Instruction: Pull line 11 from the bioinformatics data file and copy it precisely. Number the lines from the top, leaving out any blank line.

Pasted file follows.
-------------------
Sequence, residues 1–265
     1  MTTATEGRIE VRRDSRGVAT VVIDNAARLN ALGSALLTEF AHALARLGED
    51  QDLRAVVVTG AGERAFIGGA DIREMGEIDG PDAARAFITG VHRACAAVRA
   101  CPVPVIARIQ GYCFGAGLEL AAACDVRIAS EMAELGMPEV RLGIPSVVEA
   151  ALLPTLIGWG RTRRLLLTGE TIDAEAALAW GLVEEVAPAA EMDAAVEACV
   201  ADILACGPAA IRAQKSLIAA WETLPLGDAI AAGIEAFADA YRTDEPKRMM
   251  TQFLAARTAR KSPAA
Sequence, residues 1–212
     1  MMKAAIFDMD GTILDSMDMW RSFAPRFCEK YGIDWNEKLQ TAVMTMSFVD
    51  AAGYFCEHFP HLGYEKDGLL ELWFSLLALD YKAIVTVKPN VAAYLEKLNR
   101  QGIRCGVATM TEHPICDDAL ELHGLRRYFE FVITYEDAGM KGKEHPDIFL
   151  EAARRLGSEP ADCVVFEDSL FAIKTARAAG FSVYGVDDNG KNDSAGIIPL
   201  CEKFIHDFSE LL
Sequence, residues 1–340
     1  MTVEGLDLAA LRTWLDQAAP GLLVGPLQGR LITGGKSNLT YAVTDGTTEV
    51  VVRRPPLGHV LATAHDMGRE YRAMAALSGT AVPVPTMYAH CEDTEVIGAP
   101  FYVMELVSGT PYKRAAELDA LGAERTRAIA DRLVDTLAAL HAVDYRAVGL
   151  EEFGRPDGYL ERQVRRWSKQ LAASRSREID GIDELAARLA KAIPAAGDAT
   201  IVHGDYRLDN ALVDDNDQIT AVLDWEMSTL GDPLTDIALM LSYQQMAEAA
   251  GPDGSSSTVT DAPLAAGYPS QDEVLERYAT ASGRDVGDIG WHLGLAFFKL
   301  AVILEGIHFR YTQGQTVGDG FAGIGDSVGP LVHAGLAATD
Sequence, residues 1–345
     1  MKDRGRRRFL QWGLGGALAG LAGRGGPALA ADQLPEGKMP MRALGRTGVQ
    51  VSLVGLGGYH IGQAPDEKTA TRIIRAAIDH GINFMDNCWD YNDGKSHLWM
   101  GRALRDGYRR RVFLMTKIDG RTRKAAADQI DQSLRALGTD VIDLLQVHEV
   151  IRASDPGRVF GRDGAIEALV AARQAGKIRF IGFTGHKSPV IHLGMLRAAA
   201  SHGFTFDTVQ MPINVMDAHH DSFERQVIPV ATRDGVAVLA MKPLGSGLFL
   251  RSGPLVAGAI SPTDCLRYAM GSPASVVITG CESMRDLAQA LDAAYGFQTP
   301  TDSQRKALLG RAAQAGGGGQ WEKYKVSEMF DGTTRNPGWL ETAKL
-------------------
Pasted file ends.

   101  QGIRCGVATM TEHPICDDAL ELHGLRRYFE FVITYEDAGM KGKEHPDIFL